James Tower’s work is the subject of an exhibition at Erskine, Hall & Coe (London, February 5-25,2104).
James was an extraordinary man; he always seemed to have time on his side. I never saw him in a flap. His work expresses a quiet but passionate engagement with things; with the making of things and with the state of things.
After early experimentation, influenced by Henry Moore and the studio pottery of the first generation of English modernists, he settled on a few basic forms including the dish and his characteristic flat vases that often look, with their open necks, like thin torsos. On these forms, in the simplest of colours and often a black-grey glaze, he scratched his designs. James made surfaces that came alive and were at once imposed upon, but also part of the convex or concave shapes and forms on which they lived.
From the early drawings in pen you can see James’s nervous line becoming fields of energy. It is this ability to create vectors by the multiple application of lines inscribed through an imposed glazed surface that I think characterises his most successful work.
James lived the latter part of his life outside Lewes in East Sussex, a landscape already celebrated by Paul Nash. A landscape of sea views, chalk downs, streams, cliffs and flinty fields. James and the landscape in which he dwelled were coeval; out of it came his leaves, fish, trees and fields of stones, clouds or spots. The magic of his work is that the relationship between figure and ground is always open. It is not clear whether we are invited to look at the negative or positive; the black or white. Whether the forms left behind are holes, or objects, or whether they are simply the intervals between flow. There is a sense of water running between rocks, patterns on a butterfly’s wings, spots on a fish’s skin, clouds on a wintery day, stripes on a zebra’s back, ribs of a human chest and the multiple leaves of a compressed succulent in the myriad forms of James’s work. His genius was to synthesise and make of these inspirational designs in which he delighted things in themselves. The titles of the works evoke them in: Spume, Currents, Winter Moon, Vortices, Glacier and Pool.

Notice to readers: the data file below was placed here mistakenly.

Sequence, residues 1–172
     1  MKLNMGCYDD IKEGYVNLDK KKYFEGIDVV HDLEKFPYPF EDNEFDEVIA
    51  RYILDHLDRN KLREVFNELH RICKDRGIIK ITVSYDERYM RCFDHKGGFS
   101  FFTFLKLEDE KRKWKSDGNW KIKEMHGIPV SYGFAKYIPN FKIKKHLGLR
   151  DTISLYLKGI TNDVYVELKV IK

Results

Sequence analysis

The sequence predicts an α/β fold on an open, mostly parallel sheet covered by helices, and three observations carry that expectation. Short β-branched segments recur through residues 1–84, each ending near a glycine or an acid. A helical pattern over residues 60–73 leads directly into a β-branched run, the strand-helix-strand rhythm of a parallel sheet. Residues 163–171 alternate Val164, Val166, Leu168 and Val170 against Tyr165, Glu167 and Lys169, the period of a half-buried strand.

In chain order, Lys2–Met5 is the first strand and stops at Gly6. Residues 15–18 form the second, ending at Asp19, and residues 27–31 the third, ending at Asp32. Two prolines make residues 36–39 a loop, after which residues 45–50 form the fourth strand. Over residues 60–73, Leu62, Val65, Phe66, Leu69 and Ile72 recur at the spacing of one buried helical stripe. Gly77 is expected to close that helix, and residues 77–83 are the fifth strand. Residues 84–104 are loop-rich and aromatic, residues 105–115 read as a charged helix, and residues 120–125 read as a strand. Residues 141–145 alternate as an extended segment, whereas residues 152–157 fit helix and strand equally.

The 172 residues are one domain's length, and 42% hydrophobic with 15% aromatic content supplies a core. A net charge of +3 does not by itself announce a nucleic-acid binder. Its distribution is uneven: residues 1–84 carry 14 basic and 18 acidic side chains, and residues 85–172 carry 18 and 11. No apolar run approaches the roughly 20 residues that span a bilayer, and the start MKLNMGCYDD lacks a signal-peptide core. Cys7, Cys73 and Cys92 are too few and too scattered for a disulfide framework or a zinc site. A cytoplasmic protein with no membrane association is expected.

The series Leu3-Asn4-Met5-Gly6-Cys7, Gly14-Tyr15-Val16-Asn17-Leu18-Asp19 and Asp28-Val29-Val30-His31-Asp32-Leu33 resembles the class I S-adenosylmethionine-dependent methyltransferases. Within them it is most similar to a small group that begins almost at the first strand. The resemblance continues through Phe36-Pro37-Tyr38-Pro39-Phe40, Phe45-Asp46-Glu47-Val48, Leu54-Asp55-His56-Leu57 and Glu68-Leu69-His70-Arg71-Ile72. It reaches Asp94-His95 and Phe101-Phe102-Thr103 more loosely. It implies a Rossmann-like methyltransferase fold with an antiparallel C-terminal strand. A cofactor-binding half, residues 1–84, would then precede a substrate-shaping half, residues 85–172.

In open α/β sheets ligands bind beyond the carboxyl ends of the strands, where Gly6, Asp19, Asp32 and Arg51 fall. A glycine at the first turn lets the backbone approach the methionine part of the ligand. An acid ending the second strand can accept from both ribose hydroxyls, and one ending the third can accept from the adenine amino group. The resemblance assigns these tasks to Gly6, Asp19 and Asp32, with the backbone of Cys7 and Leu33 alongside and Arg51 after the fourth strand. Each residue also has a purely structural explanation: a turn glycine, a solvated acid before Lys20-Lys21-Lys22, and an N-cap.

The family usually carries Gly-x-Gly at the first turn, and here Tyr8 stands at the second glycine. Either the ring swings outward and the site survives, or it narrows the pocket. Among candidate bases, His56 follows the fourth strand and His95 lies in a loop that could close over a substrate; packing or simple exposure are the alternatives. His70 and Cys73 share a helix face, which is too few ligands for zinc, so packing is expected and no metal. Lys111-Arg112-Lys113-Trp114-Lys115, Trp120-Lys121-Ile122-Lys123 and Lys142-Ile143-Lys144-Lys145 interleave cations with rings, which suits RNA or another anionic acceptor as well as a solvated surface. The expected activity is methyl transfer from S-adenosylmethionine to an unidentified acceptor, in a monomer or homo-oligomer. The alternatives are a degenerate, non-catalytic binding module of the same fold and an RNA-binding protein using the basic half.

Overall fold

James had the ability to evoke space and to use the surfaces of objects to transform them. If we look at Pool, space itself has been bent. The truth of the form that we touch is countered by the illusion of the space he inscribes upon it, making the bowl into a condensing lens. When we look at the Glacier series, Spume or Sheepfold, we see extraordinary chartings not just of the ways of the natural world but also of a sense in which sight itself, the act of looking, moves across a surface and penetrates it. In a work like Currents it is difficult not to think of the Polynesians’ bamboo sailing charts. This spreading work combines both the sense of cartography with a participation in the moving currents of wind, rain and water, all as if held in the upper breath of a body with lifted arms.
James was a wonderful artist, father and teacher. He was always interested in the inner life of people, places and things and he has left behind a body of work that celebrates this. He was always kind, always willing to lend an ear and always happy to proffer advice but never instruction.
I think of James as a quintessentially English artist, who responded to his environment, was dedicated to his craft and who was a true friend. His works outlive him and for me they represent the very best of English studio ceramics.
Antony Gormley is one of Britain’s greatest contemporary sculptors. Published with permission from Antony Gormley. This essay was published in The Ceramic Art of James Tower by Timothy Wilcox and published by Lund Humphries. Photographs courtesy of Lund Humphries.
Above image: James Tower, Currents, earthenware